Overall, the scene at the Safety Museum is funny, while some toe the line between smart and mean, but in the end, it’s Roger, as he saves the Smith’s that makes it laugh out loud brilliant. I mean, he drops a Cold Stone Creamy joke that is so random, but funny as hell after he saves them all but takes it too far, as always, when he hits Hayley with a severe burn. The episode has a lot of fun with Roger’s visions and how the family comes to rely on him, but when he loses his visionary power, the entire family has trouble living their lives without checking with him first. Even going as far as losing complete control of their lives without Roger’s input. Lastly, the episode introduced a new character John Q. Mind, going by “Mind Quad,” who is at the hospital and can move things with his mind. He has made a couple of appearances since, but curious how they continue to bring him back. A solid episode that is by far the best of Season Nine of American Dad. As I always say, more Roger, more personas, and the more a jerk, the better!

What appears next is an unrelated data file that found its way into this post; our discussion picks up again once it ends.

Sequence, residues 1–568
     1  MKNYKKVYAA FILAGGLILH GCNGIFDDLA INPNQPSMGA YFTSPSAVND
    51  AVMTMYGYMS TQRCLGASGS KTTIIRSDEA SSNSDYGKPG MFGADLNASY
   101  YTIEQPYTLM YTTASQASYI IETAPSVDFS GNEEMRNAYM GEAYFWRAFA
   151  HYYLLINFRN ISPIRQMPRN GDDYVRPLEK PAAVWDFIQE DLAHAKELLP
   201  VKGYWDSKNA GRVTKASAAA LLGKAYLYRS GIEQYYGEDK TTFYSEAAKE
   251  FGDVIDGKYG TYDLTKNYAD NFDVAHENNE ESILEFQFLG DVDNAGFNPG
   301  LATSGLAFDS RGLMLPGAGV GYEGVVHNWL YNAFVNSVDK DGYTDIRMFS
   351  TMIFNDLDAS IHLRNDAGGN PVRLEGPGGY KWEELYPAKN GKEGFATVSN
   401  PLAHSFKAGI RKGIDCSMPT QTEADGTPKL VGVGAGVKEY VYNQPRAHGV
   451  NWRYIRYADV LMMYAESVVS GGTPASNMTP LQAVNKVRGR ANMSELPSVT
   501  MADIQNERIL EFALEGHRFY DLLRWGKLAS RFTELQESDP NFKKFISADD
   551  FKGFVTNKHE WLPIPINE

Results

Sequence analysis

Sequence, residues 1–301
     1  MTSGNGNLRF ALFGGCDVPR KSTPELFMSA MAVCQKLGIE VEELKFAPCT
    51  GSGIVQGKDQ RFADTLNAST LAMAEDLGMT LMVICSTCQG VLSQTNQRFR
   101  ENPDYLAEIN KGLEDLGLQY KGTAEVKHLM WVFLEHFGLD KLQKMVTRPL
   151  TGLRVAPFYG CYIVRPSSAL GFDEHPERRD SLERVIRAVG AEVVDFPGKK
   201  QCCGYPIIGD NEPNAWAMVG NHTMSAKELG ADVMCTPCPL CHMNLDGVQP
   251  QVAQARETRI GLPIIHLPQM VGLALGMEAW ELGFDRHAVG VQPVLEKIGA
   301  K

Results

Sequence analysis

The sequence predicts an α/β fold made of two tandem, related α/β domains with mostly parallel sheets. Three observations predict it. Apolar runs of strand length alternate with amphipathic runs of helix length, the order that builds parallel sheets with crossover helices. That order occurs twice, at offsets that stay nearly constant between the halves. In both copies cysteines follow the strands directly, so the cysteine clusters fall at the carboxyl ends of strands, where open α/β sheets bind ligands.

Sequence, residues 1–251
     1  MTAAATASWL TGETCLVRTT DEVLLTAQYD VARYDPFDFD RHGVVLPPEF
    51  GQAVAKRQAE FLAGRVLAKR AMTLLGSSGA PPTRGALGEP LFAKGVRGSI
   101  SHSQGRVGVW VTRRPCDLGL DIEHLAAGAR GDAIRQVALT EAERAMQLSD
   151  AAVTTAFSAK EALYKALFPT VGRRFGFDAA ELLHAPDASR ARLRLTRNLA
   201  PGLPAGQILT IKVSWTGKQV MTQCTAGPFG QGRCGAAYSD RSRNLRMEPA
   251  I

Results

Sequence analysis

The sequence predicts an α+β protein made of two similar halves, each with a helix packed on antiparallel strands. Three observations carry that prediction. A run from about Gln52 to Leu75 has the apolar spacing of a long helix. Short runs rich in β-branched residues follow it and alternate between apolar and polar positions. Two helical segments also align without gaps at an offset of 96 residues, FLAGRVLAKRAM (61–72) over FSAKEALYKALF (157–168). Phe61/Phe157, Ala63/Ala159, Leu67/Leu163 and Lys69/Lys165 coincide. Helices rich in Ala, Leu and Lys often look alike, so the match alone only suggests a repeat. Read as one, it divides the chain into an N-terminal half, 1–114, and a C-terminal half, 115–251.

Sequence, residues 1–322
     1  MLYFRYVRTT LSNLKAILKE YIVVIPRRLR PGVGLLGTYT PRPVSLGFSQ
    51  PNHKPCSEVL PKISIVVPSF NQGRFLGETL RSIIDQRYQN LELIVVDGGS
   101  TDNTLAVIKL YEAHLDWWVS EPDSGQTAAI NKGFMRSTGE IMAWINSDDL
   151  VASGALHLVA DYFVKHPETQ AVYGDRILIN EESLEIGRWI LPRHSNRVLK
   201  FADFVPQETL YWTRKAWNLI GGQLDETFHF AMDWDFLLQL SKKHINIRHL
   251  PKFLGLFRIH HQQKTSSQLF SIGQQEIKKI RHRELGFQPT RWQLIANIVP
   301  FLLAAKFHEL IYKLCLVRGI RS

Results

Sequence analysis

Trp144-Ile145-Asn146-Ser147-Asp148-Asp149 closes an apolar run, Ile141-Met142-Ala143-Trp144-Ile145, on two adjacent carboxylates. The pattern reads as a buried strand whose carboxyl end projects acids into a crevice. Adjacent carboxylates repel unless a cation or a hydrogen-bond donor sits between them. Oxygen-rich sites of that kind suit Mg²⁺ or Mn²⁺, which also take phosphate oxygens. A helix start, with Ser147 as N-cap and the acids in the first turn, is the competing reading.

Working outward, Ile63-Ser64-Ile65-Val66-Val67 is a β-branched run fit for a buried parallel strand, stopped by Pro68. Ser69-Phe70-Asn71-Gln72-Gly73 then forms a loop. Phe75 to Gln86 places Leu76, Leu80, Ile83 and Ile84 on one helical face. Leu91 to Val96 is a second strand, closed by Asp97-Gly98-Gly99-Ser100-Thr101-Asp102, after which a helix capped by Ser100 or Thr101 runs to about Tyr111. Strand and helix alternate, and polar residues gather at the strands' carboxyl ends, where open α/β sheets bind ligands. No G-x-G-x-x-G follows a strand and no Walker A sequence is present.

“Roger: So… can I get an orange juice, or is there a long-ass story about that, too?”– Roger in “Vision: Impossible”
Season TEN, Episode 8: “Morning Mimosa” (Honorable Mention for Episode 1: “Roger Passes the Bar”)
“Roger: Betty Crocker, Famous Amos, John DeLorean. What they have in common? They’re all entrepreneurs whose stories I haven’t fully researched.”– Roger in “Roger Passes the Bar”
Season Ten would bring two episodes very close to taking the prize for my favorite of the season, but for the first time, the episode I feel won the season was NOT a Roger centric episode. The Honorable Mention episode, “Roger Passes the Bar,” is as Roger centric as an episode can be with an A-plot that follows Roger as a bar owner. With the stress of bar ownership taking its toll, Roger decides to sell it and “sells out.” While including hilarious sayings like “Dive on in” and establishing classic Roger sarcasm, as well as insults to both an old woman in a hospital bed and the threat of a brutal yelp review, “Roger Passes the Bar” is one of the funniest episodes of the last few seasons, but unfortunately, could not capture the top spot.